Advocacy Report: Small Exporters Hit Hardest by Poor Bank Health
Recently, the U.S. Small Business Administration Office of Advocacy released a new report entitled, “The Impact of Credit Availability on Small Business Exporters” which examines how the Great Recession impacted small exporters and their ability to garner financing. NSBA data over the past five years shows that, overall, small businesses are more able to garner capital today than they have been in the last four years.
Among the key findings in the Advocacy report:
- Small firm share of exports declines in response to deterioration in bank health and the adverse impact is greater for exporters in industries that rely more on external finance.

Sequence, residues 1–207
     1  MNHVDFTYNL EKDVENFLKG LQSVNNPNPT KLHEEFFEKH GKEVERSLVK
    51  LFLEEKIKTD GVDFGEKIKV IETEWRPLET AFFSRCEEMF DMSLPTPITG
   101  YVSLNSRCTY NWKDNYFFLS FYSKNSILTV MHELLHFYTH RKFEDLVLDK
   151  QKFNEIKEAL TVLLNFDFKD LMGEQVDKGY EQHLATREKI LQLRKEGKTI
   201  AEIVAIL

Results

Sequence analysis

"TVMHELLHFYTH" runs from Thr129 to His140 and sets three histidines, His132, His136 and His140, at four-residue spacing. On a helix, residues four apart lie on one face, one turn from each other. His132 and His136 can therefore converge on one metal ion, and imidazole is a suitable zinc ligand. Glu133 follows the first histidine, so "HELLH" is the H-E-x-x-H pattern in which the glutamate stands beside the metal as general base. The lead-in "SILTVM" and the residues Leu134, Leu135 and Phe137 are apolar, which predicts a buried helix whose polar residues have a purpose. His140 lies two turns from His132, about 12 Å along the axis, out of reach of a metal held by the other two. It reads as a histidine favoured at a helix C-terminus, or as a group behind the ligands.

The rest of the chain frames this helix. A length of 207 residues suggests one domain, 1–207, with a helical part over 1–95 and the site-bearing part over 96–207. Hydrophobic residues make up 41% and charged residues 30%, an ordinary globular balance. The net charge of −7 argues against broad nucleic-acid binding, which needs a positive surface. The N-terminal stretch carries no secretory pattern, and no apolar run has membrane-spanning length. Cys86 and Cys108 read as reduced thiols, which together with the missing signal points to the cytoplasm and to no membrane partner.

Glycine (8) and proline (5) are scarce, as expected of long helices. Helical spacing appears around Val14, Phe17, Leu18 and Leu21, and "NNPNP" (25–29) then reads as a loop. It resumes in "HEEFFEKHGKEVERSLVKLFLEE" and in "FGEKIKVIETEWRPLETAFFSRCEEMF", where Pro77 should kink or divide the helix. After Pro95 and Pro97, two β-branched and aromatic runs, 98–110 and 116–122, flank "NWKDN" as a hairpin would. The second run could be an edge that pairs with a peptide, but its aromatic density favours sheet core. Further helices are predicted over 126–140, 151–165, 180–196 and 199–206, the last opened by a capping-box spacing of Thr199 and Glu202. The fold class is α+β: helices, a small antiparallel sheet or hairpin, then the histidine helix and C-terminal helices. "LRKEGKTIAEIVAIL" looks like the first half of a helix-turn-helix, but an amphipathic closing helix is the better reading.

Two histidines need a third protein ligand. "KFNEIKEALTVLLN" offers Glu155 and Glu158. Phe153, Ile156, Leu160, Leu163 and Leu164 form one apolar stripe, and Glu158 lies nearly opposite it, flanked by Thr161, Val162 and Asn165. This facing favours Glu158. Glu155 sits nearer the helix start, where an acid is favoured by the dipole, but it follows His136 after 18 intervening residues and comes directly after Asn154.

- The adverse effects of deterioration in bank health (including capital, liquidity, and nonperforming loan ratios) appear concentrated among exporting firms with fewer than 100 employees.
- Deterioration in large bank health within a state, measured by the capital ratio and nonperforming loan ratio, has stronger adverse effects on the exports of SMEs than on larger firms.
In suggesting recommendations to address the issue, the report calls for: improving the overall health of the U.S. banking system; encouraging the Consumer Financial Protection Bureau to examine the constraints on banks and FICO scores to improve credit and lending to small business exporters; and increasing assistance from the U.S. Export Assistance Centers, SBA, Export-Import Bank and various other federal programs. The report also calls for a focus on assistance to firms with fewer than 20 employees.
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